There are a few methods:
A simple passive resistive mixer is basic, but a bad solution for a couple of reasons:
One is that in order to keep a low impedance output you need to use low value resistors and this loads each output excessively, plus creates a voltage divider between the outputs.
Each output in the above example would see a 150 ohm load (e.g. the leftmost output will see R1 || (R2 + R3))
So we can buffer the signal:
This solves the loading issue (now each output sees 3.3k which isn't as bad), but not the voltage dividing issue. Say we have 3 inputs of 1V pk-pk. With all three plugged in, the contribution of each output will be a maximum of 333mV. This is okay (as we can add a gain of 3 to the opamp to compensate), as long as we don't unplug one of the signals.
If we unplug one of the signals, we change the loading on the other two and the voltage divider changes. The signal voltage from each will now be 500mV. If we unplug another then the full 1V pk-pk will be output.
So the output level of each channel is greatly affected by change of the other inputs - not just unplugging, imagine using volume controls.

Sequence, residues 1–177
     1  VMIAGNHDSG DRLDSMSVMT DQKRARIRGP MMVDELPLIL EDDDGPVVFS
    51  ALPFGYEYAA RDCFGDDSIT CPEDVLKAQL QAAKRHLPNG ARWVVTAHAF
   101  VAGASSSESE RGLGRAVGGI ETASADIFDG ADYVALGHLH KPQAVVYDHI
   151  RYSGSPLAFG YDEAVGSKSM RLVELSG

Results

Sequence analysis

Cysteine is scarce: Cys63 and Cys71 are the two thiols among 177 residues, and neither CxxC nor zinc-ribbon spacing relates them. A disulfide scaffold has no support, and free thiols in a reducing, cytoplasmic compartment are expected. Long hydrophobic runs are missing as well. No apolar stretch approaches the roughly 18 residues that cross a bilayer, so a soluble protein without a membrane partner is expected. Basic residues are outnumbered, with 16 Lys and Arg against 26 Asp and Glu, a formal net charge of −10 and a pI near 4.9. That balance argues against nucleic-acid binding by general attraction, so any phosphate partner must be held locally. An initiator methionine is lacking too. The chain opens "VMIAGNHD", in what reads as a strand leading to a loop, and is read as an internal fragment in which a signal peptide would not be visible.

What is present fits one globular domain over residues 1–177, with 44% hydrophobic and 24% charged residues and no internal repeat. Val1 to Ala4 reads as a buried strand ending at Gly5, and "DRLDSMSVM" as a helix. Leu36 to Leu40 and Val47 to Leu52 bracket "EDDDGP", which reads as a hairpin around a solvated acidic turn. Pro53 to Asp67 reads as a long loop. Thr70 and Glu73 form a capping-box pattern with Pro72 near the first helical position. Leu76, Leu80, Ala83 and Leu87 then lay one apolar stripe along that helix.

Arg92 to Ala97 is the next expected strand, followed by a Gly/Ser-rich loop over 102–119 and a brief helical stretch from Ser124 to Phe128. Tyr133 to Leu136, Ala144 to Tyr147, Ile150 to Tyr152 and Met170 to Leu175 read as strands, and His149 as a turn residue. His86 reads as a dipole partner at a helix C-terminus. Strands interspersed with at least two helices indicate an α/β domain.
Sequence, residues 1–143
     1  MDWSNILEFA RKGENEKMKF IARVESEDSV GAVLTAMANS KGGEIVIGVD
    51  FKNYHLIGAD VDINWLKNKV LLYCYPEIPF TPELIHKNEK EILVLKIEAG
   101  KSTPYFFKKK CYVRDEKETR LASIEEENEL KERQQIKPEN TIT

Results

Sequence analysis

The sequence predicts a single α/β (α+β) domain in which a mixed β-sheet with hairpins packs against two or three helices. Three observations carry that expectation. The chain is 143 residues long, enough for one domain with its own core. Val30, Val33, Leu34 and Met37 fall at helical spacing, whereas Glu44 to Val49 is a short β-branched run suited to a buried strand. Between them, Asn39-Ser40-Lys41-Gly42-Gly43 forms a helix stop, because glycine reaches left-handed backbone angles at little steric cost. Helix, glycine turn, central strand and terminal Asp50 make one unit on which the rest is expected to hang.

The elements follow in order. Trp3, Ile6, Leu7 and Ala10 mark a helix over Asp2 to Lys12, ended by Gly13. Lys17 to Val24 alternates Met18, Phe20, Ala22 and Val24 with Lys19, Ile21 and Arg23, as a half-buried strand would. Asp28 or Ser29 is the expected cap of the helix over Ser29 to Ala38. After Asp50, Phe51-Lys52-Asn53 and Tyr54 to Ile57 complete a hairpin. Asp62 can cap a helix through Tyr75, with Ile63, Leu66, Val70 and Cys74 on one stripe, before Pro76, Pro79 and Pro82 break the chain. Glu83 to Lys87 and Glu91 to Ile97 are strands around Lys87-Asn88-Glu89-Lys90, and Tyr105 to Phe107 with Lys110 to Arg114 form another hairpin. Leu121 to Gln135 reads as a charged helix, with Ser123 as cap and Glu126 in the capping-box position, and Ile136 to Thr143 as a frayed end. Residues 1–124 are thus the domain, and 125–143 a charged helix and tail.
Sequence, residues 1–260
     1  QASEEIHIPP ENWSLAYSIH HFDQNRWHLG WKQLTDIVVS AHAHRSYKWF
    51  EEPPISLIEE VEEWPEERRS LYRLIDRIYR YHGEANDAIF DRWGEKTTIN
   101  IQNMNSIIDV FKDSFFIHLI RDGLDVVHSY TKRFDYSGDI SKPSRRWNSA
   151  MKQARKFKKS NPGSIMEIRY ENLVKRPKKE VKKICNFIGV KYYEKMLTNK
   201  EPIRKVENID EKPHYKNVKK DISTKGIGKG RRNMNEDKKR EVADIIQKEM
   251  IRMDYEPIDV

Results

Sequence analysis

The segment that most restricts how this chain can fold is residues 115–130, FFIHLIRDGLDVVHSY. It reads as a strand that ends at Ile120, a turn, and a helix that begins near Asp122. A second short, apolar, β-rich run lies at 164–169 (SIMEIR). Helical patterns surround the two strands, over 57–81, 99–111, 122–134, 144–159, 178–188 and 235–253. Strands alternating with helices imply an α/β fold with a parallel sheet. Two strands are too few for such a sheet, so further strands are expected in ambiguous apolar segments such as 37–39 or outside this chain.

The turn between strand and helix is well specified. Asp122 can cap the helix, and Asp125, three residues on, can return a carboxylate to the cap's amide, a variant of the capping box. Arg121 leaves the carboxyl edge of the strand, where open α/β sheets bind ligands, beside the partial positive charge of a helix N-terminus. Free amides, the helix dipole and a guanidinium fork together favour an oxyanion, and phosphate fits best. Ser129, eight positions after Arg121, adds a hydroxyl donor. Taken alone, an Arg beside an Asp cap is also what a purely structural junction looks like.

A solution to this problem is the active inverting opamp mixer:
This is a current amplifier, and uses a virtual ground at the summing point to prevent any interaction between the channels. The feedback resistor R1, matches the sum of the currents flowing through R3, R5, and R6 (in order to keep the inverting input at 0V)
This means that the output voltage is simply (I(R3) + I(R5) + I(R6)) * R1.
If we remove an input, the voltage contribution from the other inputs stays the same.
So this is the best simple mixing circuit out of the three shown.
Try simulating the above circuits in SPICE to get a feel for what's going on.
The ESP pages linked to by Shimofuri are an excellent source of such information.